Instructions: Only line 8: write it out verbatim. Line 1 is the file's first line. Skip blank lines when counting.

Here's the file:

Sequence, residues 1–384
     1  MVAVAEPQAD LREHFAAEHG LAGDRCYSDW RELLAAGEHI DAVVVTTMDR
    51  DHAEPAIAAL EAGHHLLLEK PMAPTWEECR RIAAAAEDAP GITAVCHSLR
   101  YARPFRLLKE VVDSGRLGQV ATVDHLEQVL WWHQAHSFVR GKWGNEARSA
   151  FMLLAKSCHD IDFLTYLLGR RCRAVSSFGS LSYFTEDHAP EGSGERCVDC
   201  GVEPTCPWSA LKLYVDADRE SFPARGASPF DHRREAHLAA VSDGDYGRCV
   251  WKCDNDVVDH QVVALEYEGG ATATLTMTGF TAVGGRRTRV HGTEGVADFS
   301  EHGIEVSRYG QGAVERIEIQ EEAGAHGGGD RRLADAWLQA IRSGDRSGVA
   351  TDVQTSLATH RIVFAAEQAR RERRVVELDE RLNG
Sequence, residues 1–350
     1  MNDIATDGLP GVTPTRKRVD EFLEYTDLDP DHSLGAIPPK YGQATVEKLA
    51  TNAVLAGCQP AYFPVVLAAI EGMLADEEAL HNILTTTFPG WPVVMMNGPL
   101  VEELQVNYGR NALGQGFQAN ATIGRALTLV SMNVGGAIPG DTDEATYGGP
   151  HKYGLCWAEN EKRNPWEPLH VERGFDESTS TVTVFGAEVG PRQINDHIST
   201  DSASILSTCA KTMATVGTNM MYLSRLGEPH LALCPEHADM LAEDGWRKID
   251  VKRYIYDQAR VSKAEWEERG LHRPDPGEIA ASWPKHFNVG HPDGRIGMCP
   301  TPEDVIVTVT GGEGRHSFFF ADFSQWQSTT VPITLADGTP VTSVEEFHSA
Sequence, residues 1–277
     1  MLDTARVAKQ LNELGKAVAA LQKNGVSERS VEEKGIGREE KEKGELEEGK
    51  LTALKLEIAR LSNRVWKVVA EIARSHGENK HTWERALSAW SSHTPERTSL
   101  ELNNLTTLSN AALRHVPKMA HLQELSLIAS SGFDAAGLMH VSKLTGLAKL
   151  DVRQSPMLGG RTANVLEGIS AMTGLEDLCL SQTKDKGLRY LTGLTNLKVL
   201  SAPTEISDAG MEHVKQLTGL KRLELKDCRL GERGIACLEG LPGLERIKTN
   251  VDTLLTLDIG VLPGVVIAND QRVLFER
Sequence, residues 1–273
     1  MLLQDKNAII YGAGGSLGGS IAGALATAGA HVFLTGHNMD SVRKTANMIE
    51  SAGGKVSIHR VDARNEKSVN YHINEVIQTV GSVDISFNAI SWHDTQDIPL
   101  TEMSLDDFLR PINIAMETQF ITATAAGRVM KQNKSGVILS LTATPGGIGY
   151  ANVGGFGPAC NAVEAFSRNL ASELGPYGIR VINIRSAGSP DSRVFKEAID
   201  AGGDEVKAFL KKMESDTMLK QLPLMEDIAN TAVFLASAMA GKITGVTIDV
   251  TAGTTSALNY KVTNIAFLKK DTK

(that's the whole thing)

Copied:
   301  EHGIEVSRYG QGAVERIEIQ EEAGAHGGGD RRLADAWLQA IRSGDRSGVA